The Peckham Brass at Ossington.

MR. A. E. Frost, a member of the Monumental Brass Society, who has lately come to reside in our county, has undertaken to make for that Society a complete survey and collection of rubbings of all Notts, brasses, whether mere inscriptions, or engraved figures, previous to the year 1700. In this work he has been accompanied by Mr. T. M. Blagg, and when, in the past summer, they came to examine the Peckham brass at Ossington, they discovered, from a loose fragment, that part, at least, of the brass was a palimpsest.

As the Sheffield brass at North Wheatley is the only other known palimpsest in Notts., it was desirable to make an investigation of this new discovery, and permission to take up and refix the whole brass, being obtained, Mr. Blagg applied to the Council of the Thoroton Society for funds sufficient to defray the expense. The Council readily acceded to his request.

The whole of the brass, consisting of two separate figures, three shields of arms and several inscription plates and strips (described at length on pp. 66-67 of Vol. VI. of Transactions), was carefully removed. Sets of rubbings of both obverse and reverse of each piece were made, and the whole was then refixed, opportunity being taken to place the wording of the chamfer inscription, which had become mixed, in its original order.

The rubbings were submitted by Mr. Frost to the examination of Mr. Mill Stephenson, Secretary and Editor to the Monumental Brass Society, and his report on them, is as follows :

"The whole brass, with the exception of the shield bearing the arms of Burgoyn, is palimpsest. The two principal figures are cut out of a large fourteenth century Flemish brass, apparently the figure of a lady with her gown tucked up under her arm in order to show the embroidery of an undergown or petticoat at the feet, as in the well-known examples at King's Lynn. Unfortunately, the finer work on the embroidery of the petticoat and on the edges of the undergown has been much damaged at the time of its conversion.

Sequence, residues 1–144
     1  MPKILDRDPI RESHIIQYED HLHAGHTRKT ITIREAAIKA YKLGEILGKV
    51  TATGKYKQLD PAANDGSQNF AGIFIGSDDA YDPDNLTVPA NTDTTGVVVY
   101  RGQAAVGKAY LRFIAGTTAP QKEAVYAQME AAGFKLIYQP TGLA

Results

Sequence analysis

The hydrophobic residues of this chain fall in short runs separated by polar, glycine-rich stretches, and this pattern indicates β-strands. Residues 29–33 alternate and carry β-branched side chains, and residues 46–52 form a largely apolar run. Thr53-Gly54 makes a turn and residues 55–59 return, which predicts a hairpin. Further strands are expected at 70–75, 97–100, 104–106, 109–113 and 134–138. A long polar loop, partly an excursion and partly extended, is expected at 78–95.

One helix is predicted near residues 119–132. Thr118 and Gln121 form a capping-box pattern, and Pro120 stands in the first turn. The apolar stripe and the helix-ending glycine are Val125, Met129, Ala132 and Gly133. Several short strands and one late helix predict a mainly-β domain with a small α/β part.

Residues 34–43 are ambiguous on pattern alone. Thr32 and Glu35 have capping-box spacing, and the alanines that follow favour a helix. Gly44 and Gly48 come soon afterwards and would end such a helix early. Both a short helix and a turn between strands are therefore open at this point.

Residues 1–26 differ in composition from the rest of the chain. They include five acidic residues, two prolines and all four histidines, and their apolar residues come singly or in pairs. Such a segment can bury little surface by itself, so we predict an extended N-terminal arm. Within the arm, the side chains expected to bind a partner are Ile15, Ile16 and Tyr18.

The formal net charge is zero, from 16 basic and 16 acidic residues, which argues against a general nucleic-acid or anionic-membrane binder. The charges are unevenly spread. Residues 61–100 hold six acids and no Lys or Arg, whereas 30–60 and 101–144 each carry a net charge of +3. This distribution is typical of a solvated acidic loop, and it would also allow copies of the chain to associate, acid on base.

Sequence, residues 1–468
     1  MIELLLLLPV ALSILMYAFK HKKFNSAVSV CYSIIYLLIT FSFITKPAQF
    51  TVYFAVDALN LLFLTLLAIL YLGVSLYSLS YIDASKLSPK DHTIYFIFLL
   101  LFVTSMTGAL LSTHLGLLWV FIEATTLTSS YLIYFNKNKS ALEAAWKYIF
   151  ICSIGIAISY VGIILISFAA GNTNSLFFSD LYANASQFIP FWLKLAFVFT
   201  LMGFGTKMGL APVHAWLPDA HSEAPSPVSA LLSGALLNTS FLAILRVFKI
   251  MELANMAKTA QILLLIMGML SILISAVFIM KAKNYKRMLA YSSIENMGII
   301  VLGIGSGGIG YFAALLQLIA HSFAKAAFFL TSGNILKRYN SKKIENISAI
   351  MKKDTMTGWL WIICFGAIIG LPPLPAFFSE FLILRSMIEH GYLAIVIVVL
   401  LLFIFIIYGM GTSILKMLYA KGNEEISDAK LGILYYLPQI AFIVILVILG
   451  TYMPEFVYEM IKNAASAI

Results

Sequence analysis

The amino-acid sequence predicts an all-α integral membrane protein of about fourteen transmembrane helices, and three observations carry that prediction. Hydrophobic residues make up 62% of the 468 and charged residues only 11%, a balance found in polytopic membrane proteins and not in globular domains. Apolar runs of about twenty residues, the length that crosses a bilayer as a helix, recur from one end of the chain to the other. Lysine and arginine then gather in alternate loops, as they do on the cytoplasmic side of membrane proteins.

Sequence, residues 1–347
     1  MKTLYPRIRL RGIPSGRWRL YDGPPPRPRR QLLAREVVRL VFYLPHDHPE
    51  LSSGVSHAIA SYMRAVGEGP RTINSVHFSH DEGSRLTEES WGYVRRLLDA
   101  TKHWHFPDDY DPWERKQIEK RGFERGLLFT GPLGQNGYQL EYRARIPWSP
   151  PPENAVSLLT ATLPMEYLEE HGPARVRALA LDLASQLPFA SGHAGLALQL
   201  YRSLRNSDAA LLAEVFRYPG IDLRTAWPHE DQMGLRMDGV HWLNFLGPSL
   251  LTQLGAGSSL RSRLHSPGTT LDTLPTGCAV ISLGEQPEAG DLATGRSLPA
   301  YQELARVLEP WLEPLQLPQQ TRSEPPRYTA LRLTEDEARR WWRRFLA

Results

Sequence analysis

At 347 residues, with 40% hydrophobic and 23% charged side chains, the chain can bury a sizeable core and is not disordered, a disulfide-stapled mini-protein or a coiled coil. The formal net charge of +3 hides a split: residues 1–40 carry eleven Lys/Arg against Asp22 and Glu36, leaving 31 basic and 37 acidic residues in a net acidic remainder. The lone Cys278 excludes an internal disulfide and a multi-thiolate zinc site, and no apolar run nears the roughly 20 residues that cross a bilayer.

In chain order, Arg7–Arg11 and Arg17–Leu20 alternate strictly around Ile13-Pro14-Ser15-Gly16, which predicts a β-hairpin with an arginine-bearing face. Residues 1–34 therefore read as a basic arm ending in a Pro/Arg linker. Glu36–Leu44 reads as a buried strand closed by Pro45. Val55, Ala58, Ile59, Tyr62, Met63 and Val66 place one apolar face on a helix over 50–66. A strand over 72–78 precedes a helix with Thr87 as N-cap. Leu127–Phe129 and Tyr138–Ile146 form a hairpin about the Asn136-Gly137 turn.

The foot-inscription plate is cut out of a large figure of a lady in a mantle, circa 1440, with a small dog at her feet. This is of English workmanship. Of the marginal inscription only three pieces are in good order, the rest has been filed and hammered to such an extent as to completely destroy any traces of the design with the exception of a few lines. The longest strip, inches, bearing the words "whome I my selfe shall se, and myne eyes," is cut out of a large quadrangular plate, apparently of English work, with an altar or prayer-table between two figures, but as the strip is only an inch and a half in width there is little to work upon. On the left of the altar or prayer-table, there appears a portion of a man's leg and gown, and on the right a portion of a lady's gown. Another strip, 8½ inches in length, bearing the words "shall loke upon," shows the lower corner of the altar or prayer-desk, and the bottom of the lady's robe, which is turned back as though a figure was kneeling. The third strip, 6 inches in length, bearing the words "and none oth," shows a portion of an ornamental border, possibly the edging of the large quadrangular plate.

The shield bearing the arms of Peckham quartering Burgoyne is made up of two portions of a civilian, circa 1500-20, soldered together. The larger piece shows the feet and a portion of the fur-lined gown, the smaller, the waist and portions of the sleeves. The shield bearing the arms of Peckham and Burgoyn, impaling Cranmer of Aslockton, is made up of two portions of a lady, circa 1500-20, soldered together. The larger piece shows the bottom of her gown with the terminal of the girdle, the smaller the hands and fur cuffs, and the waist encircled by the girdle, the buckle of which is very large. In all, five brasses, one Flemish and four English, appear to have been re-used to build up Peckham's monument."